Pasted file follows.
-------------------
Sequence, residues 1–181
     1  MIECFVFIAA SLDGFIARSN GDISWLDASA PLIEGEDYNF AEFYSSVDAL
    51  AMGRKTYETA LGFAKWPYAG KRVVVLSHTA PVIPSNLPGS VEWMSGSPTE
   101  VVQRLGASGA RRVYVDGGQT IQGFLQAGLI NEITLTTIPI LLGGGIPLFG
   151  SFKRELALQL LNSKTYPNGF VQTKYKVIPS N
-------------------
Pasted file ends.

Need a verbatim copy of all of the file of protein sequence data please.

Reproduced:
Sequence, residues 1–181
     1  MIECFVFIAA SLDGFIARSN GDISWLDASA PLIEGEDYNF AEFYSSVDAL
    51  AMGRKTYETA LGFAKWPYAG KRVVVLSHTA PVIPSNLPGS VEWMSGSPTE
   101  VVQRLGASGA RRVYVDGGQT IQGFLQAGLI NEITLTTIPI LLGGGIPLFG
   151  SFKRELALQL LNSKTYPNGF VQTKYKVIPS N